As for the film, it is unclear to me why Ford’s epic is so beloved.  By taking on such a large scope (both with regard to characters and time) in a short period of time, we’re left with thin characterization and a tone of melancholy loss that is never really earned.  The Romanticism with which Huw Morgan remembers his upbringing seems out of place after the first twenty minutes.  The valley of the title is an ugly place once it is overrun by the mining company, yet the Morgans cling onto their land and their out of touch fantasies with an incredible degree of ignorance (I kept wondering if somehow the adaptation had jumped the tracks at some point).  Admittedly, as most John Ford films do, How Green Was My Valley looked stunning (Arthur C. Miller’s cinematography – when combined with the sets – fooled me) and had some good performances (young Roddy McDowall, O’Hara, and Walter Pidgeon).  However, the characterization and naive leap in logic that the valley was somehow worth fighting didn’t exactly bring me to tears at the end.

harddaysnight

After a lukewarm Saturday morning, I hit up two of my favorite films of the Festival for an evening double-bill at the Chinese Theater:  Richard Lester’s A Hard Day’s Night (1964) and William Friedkin’s Sorcerer (1977).  The former was introduced by actor Alec Baldwin and music producer Don Was, which I found to be a fairly superficial Q&A (“Do you think if John had lived that the Beatles would have regrouped?”).  Thankfully, the presentation (the world premiere of Janus’s restoration, coming soon to Criterion) looked and sounded better than ever.  There are few theatrical experiences that will rank up there with this screening of A Hard Day’s Night, as fans and friends rocked in their seats and sang loud enough to overcome the phenomenal sonic presence of the Fab Four.  The only way I can describe it was like a very specific drunk that can only found at the intersection of life and the cinema.  My face hurt from smiling, from laughing, from basking in the glow of Lester’s incredibly energetic, funny, and shockingly insightful film (the scene where George is asked about trendsetting and marketing is incredibly pointed).  If I can’t be more articulate than that, it’s because I’m both reserving myself for a review of the Criterion disc this summer and because I can’t stop thinking about the black and white glow of the screen lighting up so many smiling faces.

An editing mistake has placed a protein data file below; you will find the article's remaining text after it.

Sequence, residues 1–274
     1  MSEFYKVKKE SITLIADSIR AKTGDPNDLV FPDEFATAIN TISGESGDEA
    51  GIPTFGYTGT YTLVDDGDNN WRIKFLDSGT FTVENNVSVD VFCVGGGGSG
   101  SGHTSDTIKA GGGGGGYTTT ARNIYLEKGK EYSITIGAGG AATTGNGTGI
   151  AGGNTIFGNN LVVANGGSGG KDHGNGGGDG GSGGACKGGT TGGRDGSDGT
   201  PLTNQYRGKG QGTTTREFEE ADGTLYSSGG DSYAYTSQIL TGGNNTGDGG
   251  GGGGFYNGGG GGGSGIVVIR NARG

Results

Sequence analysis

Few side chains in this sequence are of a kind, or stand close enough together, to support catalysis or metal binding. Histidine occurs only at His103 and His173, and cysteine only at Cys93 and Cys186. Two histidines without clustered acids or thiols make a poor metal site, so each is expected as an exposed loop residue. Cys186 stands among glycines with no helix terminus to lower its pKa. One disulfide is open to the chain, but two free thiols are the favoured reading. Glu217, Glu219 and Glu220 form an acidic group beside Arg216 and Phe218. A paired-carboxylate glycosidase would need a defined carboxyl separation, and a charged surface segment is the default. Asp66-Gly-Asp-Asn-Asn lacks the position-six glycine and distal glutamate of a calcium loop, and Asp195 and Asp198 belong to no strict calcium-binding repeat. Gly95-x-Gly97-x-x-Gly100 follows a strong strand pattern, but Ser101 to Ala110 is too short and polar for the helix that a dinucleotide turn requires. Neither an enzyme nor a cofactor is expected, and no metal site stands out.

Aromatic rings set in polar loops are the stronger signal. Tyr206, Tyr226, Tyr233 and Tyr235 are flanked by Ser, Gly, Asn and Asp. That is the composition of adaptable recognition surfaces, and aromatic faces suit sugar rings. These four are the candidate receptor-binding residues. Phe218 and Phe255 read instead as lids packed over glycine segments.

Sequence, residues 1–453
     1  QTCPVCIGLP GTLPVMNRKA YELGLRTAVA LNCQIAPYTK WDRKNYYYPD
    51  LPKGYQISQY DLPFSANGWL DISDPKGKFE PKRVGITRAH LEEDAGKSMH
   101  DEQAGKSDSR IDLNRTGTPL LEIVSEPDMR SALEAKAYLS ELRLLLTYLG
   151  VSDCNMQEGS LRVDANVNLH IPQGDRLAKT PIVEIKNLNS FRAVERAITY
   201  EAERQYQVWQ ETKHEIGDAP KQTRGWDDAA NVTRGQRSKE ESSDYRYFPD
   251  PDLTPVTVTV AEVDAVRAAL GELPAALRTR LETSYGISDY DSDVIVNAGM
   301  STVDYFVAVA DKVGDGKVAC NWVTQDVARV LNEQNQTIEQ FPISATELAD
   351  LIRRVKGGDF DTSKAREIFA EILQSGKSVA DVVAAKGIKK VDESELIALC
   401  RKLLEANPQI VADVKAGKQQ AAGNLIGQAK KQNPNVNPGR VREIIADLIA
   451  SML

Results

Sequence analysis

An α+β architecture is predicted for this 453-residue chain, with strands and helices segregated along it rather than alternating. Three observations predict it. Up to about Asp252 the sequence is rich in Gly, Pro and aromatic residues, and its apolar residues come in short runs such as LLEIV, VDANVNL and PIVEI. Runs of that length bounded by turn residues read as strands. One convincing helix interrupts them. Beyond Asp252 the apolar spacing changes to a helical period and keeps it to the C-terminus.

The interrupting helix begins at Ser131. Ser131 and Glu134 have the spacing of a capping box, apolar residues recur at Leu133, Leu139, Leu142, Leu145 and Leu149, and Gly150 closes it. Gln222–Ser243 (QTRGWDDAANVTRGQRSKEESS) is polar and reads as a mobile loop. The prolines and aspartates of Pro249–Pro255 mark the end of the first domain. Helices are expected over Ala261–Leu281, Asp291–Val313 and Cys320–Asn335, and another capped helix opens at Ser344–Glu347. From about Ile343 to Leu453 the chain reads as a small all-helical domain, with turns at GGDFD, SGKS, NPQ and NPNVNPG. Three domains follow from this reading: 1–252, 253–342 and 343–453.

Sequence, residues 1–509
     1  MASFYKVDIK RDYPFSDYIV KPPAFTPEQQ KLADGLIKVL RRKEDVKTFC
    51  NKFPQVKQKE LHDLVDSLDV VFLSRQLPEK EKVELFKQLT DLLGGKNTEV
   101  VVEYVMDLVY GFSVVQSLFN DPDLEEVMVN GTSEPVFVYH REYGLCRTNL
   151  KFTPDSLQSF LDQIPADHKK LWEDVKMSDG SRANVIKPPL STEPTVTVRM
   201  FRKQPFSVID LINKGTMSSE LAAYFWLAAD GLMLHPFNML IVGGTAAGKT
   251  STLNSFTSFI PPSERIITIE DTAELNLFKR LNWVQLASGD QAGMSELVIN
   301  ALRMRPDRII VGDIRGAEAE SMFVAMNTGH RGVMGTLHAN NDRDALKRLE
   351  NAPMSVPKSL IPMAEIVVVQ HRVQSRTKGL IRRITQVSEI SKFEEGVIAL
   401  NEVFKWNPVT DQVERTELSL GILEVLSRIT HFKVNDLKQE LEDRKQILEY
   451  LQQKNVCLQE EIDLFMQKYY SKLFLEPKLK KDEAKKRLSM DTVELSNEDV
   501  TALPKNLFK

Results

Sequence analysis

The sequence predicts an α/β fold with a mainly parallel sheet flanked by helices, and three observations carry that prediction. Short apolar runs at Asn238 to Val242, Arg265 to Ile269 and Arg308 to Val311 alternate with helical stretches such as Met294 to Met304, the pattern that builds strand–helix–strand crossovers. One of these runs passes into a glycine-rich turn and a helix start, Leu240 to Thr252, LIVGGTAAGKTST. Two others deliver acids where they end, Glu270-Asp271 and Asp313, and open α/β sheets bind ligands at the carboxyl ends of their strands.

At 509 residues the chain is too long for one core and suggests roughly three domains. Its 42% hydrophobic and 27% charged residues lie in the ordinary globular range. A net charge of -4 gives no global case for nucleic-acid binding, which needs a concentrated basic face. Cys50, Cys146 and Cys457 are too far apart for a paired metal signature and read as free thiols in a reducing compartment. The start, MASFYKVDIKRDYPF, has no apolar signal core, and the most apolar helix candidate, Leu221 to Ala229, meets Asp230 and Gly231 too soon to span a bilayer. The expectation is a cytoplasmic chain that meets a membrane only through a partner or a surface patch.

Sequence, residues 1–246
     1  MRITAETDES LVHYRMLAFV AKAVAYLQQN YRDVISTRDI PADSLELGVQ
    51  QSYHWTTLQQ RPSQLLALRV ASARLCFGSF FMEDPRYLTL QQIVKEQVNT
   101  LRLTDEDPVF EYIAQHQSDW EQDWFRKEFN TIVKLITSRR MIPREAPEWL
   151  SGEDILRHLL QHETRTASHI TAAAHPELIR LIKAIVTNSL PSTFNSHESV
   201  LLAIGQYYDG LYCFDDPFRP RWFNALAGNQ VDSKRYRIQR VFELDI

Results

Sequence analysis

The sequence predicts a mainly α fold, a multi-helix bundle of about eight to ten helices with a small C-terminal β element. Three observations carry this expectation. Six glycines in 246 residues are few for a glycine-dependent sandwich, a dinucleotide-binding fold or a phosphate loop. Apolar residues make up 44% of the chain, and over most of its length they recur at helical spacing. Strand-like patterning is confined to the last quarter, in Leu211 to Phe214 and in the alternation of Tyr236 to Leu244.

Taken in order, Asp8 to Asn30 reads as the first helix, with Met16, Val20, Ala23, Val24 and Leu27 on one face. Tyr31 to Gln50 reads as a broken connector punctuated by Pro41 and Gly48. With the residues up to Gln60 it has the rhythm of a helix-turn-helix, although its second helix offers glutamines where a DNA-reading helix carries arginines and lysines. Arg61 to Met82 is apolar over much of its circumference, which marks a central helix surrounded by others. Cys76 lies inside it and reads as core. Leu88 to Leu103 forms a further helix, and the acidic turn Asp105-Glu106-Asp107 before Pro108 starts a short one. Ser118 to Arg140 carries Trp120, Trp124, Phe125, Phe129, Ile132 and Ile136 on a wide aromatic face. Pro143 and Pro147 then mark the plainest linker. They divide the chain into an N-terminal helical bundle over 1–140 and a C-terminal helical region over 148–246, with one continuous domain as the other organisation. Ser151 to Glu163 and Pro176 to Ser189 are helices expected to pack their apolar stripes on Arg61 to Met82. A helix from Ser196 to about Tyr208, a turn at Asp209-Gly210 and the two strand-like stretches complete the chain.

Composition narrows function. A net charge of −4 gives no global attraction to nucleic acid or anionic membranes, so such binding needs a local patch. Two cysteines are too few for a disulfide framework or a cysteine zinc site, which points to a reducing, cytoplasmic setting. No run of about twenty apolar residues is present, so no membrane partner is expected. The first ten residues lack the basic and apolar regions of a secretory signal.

sorcerer

Finally – Sorcerer.  I had been looking forward to catching Friedkin’s infamous remake of The Wages of Fear (1953) for a long time.  Introduced by Friedkin, who spent the bulk of his time thanking the folks behind the new restoration which was completed after a prolonged legal dispute over the film’s distribution rights, Sorcerer looks perfectly clear, grainy, colorful, and – appropriately – dirty (these are all good things – and the transfer is newly available on a barebones Blu-Ray release!).  Tossing out the anti-imperialist commentary and homoeroticism of Henri-Georges Clouzot’s original, Friedkin’s film is a minimalist experiment in form.  He isn’t concerned with characterization, nor is he terribly concerned with exploring the ideological ramifications of an American oil company ripping apart Latin America with pipelines and dynamite.  Instead, he wants us to focus on faces (Roy Scheider’s in particular), our breathing (which stops the minute the truck loaded with nitroglycerin starts its journey across a makeshift suspension bridge), and the work – the process – that goes into survival.  Like most Friedkin films, I wouldn’t say Sorcerer is particularly deep from a philosophical standpoint (even as an Existentialist drama) but it is a rush from an aesthetic standpoint (Tangerine Dream’s score for the win!).